At the time, my internet access bills were running at about $1000 a month, the culmination of a working life that had begun in the international capital markets in London almost a decade previously and which then found me self-employed, falling out of the boardrooms of America's largest companies, where I'd been hyping the consequences of advanced internetworking technologies. The culture of the soil had never held the remotest appeal. But though I didn't know it, the questions I was mulling in Julian's cell were already propelling me irrevocably toward a belly-flop in a biodynamic compost pile deep in the Oregon woods. Now, six years later, a houseless green-thumbed mendicant, and full-time activist with Eugene's Food Not Lawns collective [see sidebar], I find myself at large in a community which the federal intelligence community insists is the most unruly urban pocket in the country. As I write, in late May, chic SUVs are sliding up to our gardens to issue federal grand jury subpoenas. Permies are seeking court-appointed attorneys. The knives are out.

Melding though and action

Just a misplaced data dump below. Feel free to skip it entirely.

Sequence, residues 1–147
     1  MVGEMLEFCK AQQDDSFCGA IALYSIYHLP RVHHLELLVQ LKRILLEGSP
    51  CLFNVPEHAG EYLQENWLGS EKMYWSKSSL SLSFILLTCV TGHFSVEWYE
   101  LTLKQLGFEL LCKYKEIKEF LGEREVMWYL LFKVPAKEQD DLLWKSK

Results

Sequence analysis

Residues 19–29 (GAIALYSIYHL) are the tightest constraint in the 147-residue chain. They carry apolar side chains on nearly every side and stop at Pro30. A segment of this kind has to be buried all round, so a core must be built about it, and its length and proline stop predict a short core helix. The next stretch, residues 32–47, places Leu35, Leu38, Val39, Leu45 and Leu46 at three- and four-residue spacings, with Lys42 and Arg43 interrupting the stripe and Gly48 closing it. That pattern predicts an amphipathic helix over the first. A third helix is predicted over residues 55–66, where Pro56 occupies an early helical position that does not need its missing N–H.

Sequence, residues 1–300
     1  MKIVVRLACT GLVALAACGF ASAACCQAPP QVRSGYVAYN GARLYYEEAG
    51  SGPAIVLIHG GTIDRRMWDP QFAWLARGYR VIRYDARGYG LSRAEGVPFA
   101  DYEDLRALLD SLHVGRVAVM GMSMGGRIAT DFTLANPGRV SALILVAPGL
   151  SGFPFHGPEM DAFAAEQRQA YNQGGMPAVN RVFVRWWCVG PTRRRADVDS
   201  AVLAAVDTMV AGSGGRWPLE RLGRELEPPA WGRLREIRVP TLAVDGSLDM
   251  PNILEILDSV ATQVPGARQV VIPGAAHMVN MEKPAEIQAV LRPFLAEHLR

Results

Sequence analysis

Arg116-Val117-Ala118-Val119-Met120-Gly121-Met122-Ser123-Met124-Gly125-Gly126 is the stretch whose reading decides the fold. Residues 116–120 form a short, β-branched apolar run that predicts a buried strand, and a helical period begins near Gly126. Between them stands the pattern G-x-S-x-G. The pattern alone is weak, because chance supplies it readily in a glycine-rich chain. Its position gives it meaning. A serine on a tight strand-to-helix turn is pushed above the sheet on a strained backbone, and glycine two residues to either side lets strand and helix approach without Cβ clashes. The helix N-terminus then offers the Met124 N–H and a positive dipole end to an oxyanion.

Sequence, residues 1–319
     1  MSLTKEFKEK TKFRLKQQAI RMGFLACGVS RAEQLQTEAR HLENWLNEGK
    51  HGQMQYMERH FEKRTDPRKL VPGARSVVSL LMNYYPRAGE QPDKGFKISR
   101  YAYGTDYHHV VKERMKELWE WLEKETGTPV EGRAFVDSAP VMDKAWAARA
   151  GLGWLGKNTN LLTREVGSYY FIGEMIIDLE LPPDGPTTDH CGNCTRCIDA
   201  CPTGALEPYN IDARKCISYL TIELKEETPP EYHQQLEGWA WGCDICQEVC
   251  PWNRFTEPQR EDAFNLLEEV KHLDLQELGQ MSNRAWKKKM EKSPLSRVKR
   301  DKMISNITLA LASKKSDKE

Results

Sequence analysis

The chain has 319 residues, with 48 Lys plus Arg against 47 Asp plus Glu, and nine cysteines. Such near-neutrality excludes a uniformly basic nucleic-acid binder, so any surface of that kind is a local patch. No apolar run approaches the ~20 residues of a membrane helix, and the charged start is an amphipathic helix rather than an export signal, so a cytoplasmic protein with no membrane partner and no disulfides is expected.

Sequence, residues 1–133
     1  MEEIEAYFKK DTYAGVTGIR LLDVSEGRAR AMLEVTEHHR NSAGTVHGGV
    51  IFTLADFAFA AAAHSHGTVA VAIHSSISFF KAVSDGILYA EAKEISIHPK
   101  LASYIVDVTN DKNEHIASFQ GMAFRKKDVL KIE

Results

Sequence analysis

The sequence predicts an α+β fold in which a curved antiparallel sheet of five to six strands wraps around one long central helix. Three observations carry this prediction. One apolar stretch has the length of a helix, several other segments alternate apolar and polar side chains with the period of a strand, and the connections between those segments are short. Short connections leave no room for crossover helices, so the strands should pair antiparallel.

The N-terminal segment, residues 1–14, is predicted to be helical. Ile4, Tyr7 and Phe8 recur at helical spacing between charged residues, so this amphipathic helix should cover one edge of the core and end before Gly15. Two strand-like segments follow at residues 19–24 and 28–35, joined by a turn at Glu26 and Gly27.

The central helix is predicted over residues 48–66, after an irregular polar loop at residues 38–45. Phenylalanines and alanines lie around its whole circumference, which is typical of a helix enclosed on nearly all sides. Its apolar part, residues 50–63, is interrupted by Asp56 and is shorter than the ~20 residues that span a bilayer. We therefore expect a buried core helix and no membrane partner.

In a sense, the attention comes as no surprise. When the great 20th century Cabbalist, Abraham Joshua Heschel, insisted that effective prayer is fundamentally subversive he was touching on the essence of the nature of right livelihood as elucidated by his forebear, Shimon ben Gamliel, some centuries before: "Do not mistake talk for action. Compassion fills no mouths, pity builds no houses." It's an observation echoed by Sages across all cultures: true prayer involves annihilating the distinction between the active and the contemplative life, between thought and action. The being is the doing, as they might say. In Christian cosmology the credo has been expressed as 'laborare est orare," - literally, "work as prayer." And in the Bhagavad Gita, for example: "What is work? What is beyond work? Even some seers see this not aright. I will teach thee the truth of pure work, and this truth shall make thee free. Action is greater than inaction. Perform therefore thy task in life. The world is in the bonds of action. Because the victory won by he man of wisdom is also won by the man of good work. That man indeed sees the truth that vision and creation are one. Yoga is wisdom in work."